Saturday, August 21, 2010

Logistics of the Pick-Up

By Nina Berryman

It’s exactly half way through our 26-week season with the CSA. My how times flies! As all organizations, we are constantly learning and growing together as a group of people. We have chosen to come together over the common interest of local, healthy food, and we are half-way through that seasonal journey. I thought I would take this mid-season perspective as an opportunity to review and respond to questions and concerns I have received recently.
I would like to reiterate how we are all really a community, working together to make local agriculture work. We as farmers appreciate your support in making this type of agricultural business viable; and you as eaters (hopefully!) appreciate the opportunity we are creating for you to eat local, healthy food. Our interactions with each other are not your typical producer/consumer relationship found in almost all other aspects of our capitalist society. Instead, it is one based on trust (paying in advance for a product), respect (for each other and the land), and a common goal (supporting local agriculture). Unlike a supermarket, a farmers market or a restaurant, customers can’t choose whatever they want from a set of options. While we of course have a few options to choose from (e.g. chard or kale), for the most part we determine what vegetables go home with you every week. That being said, we know everyone likes diversity and we work very hard to offer as many different vegetables as possible to keep your dinner tables and diet diverse. This brings me to the main point am I interested in up. When you are at the pick up and you see one item run out and another one replace it, please keep in mind a few points. The first is that an extremely large amount of time and consideration goes into thinking about what to plant, how much to plant, and what vegetables get paired during a pick-up. Even when you plant 100 eggplant all on the same day they will not all be ready at the same time.Also, because of environmental variability, all those 100 eggplant will not continue to produce at the same rate all season. If we were to plant enough eggplant as to ensure that all 130 families all got eggplant on a given week, we would have to more than double the size of our planting! That in turn would mean we wouldn’t have room for other crops, like the onions for example. These are the type of very complicated, multi-faceted considerations we take into consideration during the winter when planning the upcoming season. “What, how much, and when?” are like a three-dimensional puzzle we have to squeeze into the area of the field and the time constraints of the season.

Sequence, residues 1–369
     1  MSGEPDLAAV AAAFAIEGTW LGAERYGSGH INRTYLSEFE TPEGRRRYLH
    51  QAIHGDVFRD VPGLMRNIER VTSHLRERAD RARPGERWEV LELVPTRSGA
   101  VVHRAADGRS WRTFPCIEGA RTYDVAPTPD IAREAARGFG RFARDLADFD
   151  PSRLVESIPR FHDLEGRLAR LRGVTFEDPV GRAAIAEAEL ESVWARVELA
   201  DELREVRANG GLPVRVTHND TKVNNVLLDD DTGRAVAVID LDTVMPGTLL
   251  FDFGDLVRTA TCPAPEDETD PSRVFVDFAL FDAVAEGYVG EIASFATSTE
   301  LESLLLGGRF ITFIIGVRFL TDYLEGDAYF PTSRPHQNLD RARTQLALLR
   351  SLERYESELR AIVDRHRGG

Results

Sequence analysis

Another thing to keep in mind when you are less than happy about a sub-in, is that if we are continuously pairing eggplant and peppers for example, we will try to rotate which goes out first from week to week to accommodate people who can only ever come to the farm at a certain time because of their personal schedules.
Please also keep in mind the fact that the people staffing the pick-up are your fellow share-holders. They are paying for the vegetables just like you and are putting additional time into the CSA to help make it run smoothly. They restock things as needed and replace things as we, the farmers, request. Because of their hard work, the vegetables are kept as cool and fresh as possible given our facilities. Imagine how much harder your pick-up would be if you had to walk down into the field to find a farmer every time the kale ran out! The shareholders staffing the pick-up are not responsible for the harvest but are happy to answer your questions about it. If they don’t know the answer they can always direct you to a farmer in the field. The pick-up staffers are not waiting on you, they are working with you to help make this farm run smoothly. Everyone’s contribution, whether it is monetary or labor, helps keep the farm functioning.
On another note, I am sure you have all noticed the U-Pick has increased in these last few weeks. We are excited to be seeing more share members in the field, creating more opportunity to meet each other and speak with one another, farmer to eater. We hope you all enjoy the opportunity to become even more familiar with the land and the people that produce your food. The U-Pick is created as another way of increasing the diversity of food that is available to you, as well as to provide another, fun way to become closer to where your food comes from. The U-Pick items tend to be ones that are popular yet labor-intensive to harvest. If we did not offer green beans as U-Pick, we simply wouldn’t be able to offer them at all as we would never have enough time to harvest green beans for 130 families every week! In my ideal world everyone would harvest all of their own food at least at one point in their life to gain an appreciation of where it comes from and the joy and work that goes into growing it. Of course, this is unrealistic, but I hope our small U-pick option fosters that awareness and joy.
130 families is a lot and while I am excited about our ability to expand as a farm, I am saddened by my inability to get to know all of you and hear your feedback on your farm experience. Those of you who I have spoken with about your positive and negative experience, I appreciate your input. My hope is that this article has clarified any questions or concerns people may still have at this point in the season. I look forward to more dialogue with you all as the remainder of the season unfolds!

No comments:

Post a Comment